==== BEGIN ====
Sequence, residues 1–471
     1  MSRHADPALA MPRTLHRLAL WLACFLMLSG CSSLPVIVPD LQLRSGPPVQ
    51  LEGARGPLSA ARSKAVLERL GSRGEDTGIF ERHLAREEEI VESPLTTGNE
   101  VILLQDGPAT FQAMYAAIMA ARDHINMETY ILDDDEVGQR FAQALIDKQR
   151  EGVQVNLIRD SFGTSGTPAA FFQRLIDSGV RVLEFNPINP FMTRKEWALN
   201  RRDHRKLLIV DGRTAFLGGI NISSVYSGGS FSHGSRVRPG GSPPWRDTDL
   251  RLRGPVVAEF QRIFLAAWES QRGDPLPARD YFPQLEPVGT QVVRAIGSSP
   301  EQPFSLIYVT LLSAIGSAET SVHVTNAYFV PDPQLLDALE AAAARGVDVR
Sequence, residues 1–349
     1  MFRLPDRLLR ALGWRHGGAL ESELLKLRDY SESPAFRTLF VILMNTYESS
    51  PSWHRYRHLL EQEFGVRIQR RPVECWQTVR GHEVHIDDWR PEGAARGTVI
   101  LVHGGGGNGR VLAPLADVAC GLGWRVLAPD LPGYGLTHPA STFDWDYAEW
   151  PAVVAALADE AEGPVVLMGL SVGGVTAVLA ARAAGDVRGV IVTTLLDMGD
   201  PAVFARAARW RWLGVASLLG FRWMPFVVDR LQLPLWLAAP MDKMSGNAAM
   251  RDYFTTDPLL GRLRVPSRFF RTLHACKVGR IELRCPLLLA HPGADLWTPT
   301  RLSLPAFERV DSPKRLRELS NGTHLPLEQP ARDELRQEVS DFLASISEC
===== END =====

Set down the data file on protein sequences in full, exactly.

Sequence, residues 1–471
     1  MSRHADPALA MPRTLHRLAL WLACFLMLSG CSSLPVIVPD LQLRSGPPVQ
    51  LEGARGPLSA ARSKAVLERL GSRGEDTGIF ERHLAREEEI VESPLTTGNE
   101  VILLQDGPAT FQAMYAAIMA ARDHINMETY ILDDDEVGQR FAQALIDKQR
   151  EGVQVNLIRD SFGTSGTPAA FFQRLIDSGV RVLEFNPINP FMTRKEWALN
   201  RRDHRKLLIV DGRTAFLGGI NISSVYSGGS FSHGSRVRPG GSPPWRDTDL
   251  RLRGPVVAEF QRIFLAAWES QRGDPLPARD YFPQLEPVGT QVVRAIGSSP
   301  EQPFSLIYVT LLSAIGSAET SVHVTNAYFV PDPQLLDALE AAAARGVDVR
Sequence, residues 1–349
     1  MFRLPDRLLR ALGWRHGGAL ESELLKLRDY SESPAFRTLF VILMNTYESS
    51  PSWHRYRHLL EQEFGVRIQR RPVECWQTVR GHEVHIDDWR PEGAARGTVI
   101  LVHGGGGNGR VLAPLADVAC GLGWRVLAPD LPGYGLTHPA STFDWDYAEW
   151  PAVVAALADE AEGPVVLMGL SVGGVTAVLA ARAAGDVRGV IVTTLLDMGD
   201  PAVFARAARW RWLGVASLLG FRWMPFVVDR LQLPLWLAAP MDKMSGNAAM
   251  RDYFTTDPLL GRLRVPSRFF RTLHACKVGR IELRCPLLLA HPGADLWTPT
   301  RLSLPAFERV DSPKRLRELS NGTHLPLEQP ARDELRQEVS DFLASISEC